KANO, Nigeria // Gunmen attacked a church in volatile northern Nigeria during a Christmas Eve service, killing six people including the pastor, before setting the building ablaze, residents and police said on Tuesday, as the pope deplored "savage acts of terrorism" against Christians in Africa's most populous nation.
The raid in Yobe state is the latest violence likely to be blamed on radical Islamist sect Boko Haram, which has repeatedly targeted churches during times of worship, including multiple attacks last year on Christmas Day, during its deadly insurgency.
In his traditional Christmas message from the Vatican, Pope Benedict XVI prayed for "concord in Nigeria, where savage acts of terrorism continue to reap victims, particularly among Christians".
Boko Haram attacks have often targeted churches, as well as police and other symbols of the establishment in Nigeria. Violence linked to the insurgency is believed to have left some 3,000 people dead since 2009, including killings by the security forces.
"A group of gunmen came into the village at midnight and went straight to the church," said Usman Mansir, a resident of Peri village near Potiskum, the economic capital of Yobe.
"They opened fire on them, killing the pastor and five worshippers. They then set fire to the church," he added, specifying that a branch of the Evangelical Church of West Africa (ECWA) was targeted.
A senior police official in Yobe confirmed the details of the attack to AFP, but declined to be named, while Yobe's police chief Sanusi Rufa'i said "this is a security issue" and refused to comment further.
The head of the Christian Association of Nigeria in Yobe, Idi Garba, told AFP that many worshippers at ECWA "are still missing."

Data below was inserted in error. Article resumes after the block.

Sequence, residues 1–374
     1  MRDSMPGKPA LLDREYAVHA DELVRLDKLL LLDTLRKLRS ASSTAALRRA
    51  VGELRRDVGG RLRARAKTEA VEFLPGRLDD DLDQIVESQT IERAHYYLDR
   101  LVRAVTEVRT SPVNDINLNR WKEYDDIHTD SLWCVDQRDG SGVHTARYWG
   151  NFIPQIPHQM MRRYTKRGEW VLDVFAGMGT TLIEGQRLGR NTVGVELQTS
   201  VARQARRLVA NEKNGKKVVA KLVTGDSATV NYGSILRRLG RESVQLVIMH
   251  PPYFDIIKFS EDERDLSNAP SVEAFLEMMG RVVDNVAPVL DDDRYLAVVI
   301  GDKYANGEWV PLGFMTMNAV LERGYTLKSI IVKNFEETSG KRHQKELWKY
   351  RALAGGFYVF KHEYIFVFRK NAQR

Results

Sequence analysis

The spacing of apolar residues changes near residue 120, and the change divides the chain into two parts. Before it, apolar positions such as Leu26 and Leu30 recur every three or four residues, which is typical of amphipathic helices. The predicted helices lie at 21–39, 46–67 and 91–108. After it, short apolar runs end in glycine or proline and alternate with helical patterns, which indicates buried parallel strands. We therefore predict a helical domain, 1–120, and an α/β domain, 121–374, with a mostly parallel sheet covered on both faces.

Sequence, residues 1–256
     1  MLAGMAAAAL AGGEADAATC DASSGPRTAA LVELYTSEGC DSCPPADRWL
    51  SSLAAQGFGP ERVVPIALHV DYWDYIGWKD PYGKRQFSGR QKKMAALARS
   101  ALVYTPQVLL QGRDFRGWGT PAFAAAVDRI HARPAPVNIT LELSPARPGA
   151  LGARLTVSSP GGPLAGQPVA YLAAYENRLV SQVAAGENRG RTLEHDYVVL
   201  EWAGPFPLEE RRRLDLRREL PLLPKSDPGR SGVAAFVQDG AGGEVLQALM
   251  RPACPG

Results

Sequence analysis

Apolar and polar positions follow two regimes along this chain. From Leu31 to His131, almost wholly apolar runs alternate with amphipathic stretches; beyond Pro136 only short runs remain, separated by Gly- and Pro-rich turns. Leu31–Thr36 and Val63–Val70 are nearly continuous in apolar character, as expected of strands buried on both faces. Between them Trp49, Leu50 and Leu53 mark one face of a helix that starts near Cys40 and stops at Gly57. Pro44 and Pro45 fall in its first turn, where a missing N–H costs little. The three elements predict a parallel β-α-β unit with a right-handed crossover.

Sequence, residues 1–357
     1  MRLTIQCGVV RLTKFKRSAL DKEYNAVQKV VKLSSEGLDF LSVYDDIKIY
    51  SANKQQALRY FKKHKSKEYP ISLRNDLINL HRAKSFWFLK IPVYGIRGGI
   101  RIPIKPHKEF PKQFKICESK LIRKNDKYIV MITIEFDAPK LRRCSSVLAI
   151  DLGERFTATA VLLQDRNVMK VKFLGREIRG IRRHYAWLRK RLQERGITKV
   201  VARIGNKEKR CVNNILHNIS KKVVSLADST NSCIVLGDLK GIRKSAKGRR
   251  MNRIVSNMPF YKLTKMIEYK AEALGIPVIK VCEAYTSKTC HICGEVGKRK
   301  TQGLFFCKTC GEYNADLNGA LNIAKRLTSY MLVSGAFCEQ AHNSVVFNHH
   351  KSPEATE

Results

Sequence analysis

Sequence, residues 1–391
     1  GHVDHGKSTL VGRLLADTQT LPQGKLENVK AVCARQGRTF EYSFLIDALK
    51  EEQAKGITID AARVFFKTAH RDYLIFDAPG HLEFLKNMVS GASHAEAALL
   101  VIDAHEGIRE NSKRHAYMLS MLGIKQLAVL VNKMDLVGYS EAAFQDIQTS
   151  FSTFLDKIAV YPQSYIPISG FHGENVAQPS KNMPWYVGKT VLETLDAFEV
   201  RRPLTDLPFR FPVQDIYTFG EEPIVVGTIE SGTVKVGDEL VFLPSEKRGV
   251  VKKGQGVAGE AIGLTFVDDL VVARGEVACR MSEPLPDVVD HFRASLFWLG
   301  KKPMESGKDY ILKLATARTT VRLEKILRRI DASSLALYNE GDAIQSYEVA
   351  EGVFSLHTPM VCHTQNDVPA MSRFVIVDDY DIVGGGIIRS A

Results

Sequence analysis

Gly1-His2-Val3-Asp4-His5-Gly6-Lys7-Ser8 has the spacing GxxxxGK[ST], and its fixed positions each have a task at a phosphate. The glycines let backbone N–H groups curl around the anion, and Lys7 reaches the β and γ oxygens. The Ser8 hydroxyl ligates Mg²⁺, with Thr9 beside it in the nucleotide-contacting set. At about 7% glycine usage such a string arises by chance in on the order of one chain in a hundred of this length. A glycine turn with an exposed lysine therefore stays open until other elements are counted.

"I have been informed that six bodies have been recovered," Garba said, adding that some who lived near the church "fled their homes during the attack and it is assumed that they are still hiding in the bush."
Residents reported that the gunmen also set fire to several of the homes surrounding the church.
Like most of northern Nigeria, Yobe's population is overwhelmingly Muslim, but the the commercial hub of Potiskum has a significant Christian minority. Peri is just two kilometres outside the city.
Boko Haram has carried out several attacks in Yobe, which borders the state of Borno, where the insurgent group is based.
The Islamists say they are fighting to create an Islamic state in north of Nigeria, Africa's biggest oil producer, where most people in the south are Christian.
Their insurgency has killed members of the security forces, politicians and scores of Muslims, aside from attacks on Christians.
A series of Christmas Day attacks in northern and central Nigeria last year killed at least 44 people and the violence has persisted